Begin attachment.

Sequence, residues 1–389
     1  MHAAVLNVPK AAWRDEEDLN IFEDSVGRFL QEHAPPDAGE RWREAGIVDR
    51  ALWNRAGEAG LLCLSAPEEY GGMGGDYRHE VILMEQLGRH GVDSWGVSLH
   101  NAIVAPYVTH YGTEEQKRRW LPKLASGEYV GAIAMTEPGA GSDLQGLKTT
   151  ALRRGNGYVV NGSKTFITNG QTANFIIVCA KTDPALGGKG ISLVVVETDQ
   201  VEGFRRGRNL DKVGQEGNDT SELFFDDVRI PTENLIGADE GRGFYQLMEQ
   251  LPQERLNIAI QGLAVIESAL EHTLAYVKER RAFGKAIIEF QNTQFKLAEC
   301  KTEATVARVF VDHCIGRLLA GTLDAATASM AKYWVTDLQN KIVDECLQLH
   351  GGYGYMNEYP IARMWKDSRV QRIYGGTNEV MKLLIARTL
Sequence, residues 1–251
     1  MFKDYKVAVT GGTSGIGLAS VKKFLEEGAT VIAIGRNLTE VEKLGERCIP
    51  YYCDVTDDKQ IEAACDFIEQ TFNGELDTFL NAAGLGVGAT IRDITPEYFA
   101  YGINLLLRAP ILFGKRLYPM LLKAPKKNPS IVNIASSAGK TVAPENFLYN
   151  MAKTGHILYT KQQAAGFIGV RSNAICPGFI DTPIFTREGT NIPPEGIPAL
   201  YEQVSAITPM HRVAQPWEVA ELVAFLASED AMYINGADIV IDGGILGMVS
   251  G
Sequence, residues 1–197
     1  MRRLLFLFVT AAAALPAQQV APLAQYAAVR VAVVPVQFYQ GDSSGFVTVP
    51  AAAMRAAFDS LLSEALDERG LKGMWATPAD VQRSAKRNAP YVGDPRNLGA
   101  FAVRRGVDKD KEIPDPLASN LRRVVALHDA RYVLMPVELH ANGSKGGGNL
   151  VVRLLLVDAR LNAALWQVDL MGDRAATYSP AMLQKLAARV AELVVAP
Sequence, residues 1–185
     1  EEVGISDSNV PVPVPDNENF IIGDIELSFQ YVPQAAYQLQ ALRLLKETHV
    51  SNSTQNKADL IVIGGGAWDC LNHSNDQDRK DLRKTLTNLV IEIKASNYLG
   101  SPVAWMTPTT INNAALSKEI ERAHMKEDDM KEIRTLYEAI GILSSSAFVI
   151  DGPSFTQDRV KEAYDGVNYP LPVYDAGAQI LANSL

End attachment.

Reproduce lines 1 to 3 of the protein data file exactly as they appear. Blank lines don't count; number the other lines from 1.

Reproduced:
Sequence, residues 1–389
     1  MHAAVLNVPK AAWRDEEDLN IFEDSVGRFL QEHAPPDAGE RWREAGIVDR
    51  ALWNRAGEAG LLCLSAPEEY GGMGGDYRHE VILMEQLGRH GVDSWGVSLH